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Tamiami Condominium Warehouse Plaza Association, Inc. v. Markel American Insurance Co.

United States District Court, S.D. Florida

October 2, 2019




         THIS CAUSE is before the Court on Defendant Markel American Insurance Company's (“Defendant”) Motion to Dismiss Count II of the First Amended Complaint (“Motion to Dismiss”) (ECF No. 22), filed on May 29, 2019. Plaintiff Tamiami Condominium Warehouse Plaza Association, Inc. (“Plaintiff”) filed its Response on June 12, 2019 (ECF No. 26). Defendant filed its Reply on June 19, 2019 (ECF No. 28). The Court has carefully reviewed the Motion to Dismiss, the Response, the Reply, all supporting and opposing submissions, and the record as a whole. For the reasons set forth below, Defendant's Motion to Remand (ECF No. 22) is GRANTED.

         I. BACKGROUND This case involves an insurance coverage dispute relating to damages from Hurricane Irma to Plaintiff's properties located in Miami, Florida (the “Property”). The Property was covered by Plaintiff's insurance policy with Defendant (the “Policy”), which was in effect on September 10, 2017, when Irma made landfall on South Florida and caused damage to the Property. Plaintiff filed a claim with Defendant under the Policy to recoup those damages. After satisfying its obligations under the Policy, Plaintiff contends that Defendant failed to pay the total amount of the damages that were caused by the hurricane.

         Plaintiff originally filed its complaint in state court, in the Eleventh Judicial Circuit Court in and for Miami-Dade County, on February 13, 2019 (ECF No. 1-2). The case was removed to this Court on April 5, 2019 (ECF No. 1). Plaintiff filed an Amended Complaint on May 16, 2019 (ECF No. 18). The Amended Complaint brings two counts against Defendant alleging breach of contract (Count I) and seeking a declaration of rights (Count II). Both counts arise from the same set of factual allegations.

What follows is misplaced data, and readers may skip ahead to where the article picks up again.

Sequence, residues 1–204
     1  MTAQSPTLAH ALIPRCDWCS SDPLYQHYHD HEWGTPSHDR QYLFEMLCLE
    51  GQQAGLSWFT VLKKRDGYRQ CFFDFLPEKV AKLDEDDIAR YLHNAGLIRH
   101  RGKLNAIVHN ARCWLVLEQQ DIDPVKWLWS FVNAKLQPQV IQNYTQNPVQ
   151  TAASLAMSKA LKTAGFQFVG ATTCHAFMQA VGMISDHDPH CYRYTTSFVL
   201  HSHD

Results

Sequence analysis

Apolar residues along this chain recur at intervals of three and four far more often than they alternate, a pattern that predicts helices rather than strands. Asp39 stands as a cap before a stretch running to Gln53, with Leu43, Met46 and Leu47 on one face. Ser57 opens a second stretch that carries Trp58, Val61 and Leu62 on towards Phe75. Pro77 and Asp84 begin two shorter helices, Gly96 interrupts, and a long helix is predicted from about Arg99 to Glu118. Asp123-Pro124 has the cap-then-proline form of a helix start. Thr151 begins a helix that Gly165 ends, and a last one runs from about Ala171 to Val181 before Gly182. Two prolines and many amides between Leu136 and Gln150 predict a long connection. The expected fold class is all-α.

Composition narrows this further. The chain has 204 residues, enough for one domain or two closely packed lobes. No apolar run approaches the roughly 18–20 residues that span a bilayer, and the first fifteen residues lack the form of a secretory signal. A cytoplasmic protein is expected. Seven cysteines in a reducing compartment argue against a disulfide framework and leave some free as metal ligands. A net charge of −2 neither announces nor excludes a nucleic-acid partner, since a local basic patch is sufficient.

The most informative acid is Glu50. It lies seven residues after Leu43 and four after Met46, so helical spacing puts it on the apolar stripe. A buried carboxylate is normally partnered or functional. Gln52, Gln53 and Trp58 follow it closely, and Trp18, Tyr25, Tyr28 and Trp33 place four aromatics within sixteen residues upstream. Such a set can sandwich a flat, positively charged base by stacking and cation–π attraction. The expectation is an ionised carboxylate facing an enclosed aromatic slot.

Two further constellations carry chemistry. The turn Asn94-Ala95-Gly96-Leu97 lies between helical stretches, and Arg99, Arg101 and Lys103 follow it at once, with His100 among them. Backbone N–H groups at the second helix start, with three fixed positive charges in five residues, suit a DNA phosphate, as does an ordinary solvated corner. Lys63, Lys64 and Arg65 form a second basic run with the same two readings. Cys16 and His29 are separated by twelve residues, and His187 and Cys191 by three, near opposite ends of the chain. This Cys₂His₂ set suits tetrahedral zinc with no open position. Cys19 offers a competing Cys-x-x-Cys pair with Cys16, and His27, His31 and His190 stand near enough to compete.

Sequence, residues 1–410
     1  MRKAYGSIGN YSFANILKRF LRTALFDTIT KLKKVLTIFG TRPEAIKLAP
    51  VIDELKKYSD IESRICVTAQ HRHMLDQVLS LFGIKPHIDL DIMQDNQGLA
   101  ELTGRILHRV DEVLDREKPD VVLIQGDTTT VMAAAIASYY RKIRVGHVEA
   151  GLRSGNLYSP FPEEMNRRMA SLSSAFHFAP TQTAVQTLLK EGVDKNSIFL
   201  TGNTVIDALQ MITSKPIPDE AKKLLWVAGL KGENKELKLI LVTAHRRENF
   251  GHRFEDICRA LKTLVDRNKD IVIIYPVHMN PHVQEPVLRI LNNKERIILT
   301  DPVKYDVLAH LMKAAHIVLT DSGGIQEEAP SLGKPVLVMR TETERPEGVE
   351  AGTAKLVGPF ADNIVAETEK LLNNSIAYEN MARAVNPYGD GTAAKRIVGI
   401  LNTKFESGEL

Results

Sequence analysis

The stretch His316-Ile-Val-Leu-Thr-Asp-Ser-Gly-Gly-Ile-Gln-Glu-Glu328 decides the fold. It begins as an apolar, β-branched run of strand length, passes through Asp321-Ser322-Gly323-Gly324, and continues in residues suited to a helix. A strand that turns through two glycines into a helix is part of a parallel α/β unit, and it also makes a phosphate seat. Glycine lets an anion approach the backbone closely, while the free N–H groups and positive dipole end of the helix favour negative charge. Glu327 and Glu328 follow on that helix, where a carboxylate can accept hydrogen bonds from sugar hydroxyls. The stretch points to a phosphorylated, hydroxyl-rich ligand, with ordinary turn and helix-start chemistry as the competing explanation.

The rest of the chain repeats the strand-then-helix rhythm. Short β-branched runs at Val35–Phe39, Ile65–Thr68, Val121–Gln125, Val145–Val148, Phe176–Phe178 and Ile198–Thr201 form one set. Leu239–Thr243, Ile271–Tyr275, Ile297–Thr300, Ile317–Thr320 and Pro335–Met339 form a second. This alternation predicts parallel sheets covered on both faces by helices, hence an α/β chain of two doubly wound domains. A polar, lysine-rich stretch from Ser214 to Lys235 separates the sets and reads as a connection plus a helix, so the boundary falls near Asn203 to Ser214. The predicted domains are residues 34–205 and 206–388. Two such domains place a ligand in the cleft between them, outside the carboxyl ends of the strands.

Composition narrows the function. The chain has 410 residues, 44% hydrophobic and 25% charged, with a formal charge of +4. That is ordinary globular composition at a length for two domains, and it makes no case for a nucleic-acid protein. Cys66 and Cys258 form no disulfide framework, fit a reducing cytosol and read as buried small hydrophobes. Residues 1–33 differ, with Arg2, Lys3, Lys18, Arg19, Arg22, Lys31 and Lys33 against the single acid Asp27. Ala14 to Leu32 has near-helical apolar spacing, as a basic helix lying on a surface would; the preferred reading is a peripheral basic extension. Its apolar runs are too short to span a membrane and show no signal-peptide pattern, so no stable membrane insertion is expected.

On May 29, 2019, Defendant filed an Answer to the Amended Complaint (ECF No. 21), and then the present Motion to Dismiss (ECF No. 22) on the same day. The Motion to Dismiss seeks dismissal of Count II only. Defendant argues that the declaratory relief sought in Count II is duplicative of Plaintiff's breach of contract claim in Count I, and thus must be dismissed pursuant to Federal Rule of Civil Procedure 12(b)(6).


         A Rule 12(b)(6) motion to dismiss tests the sufficiency of the complaint against the legal standard set forth in Rule 8: “a short and plain statement of the claim showing that the pleader is entitled to relief.” Fed.R.Civ.P. 8(a)(2). To survive a motion to dismiss, a plaintiff must plead sufficient facts to state a claim that is “plausible on its face.” Bell Atl. Corp. v. Twombly, 550 U.S. 544, 570 (2007); Ashcroft v. Iqbal, 556 U.S. 662, 678 (2009). The Court's consideration is limited to the allegations in the complaint. GSW, Inc. v. Long Cty., 999 F.2d 1508, 1510 (11th Cir. 1993). All factual allegations are accepted as true and all reasonable inferences are drawn in the plaintiff's favor. Speaker v. U.S. Dep't of Health & Human Servs. Ctrs. For Disease Control & Prevention, 623 F.3d 1371, 1379 (11th Cir. 2010).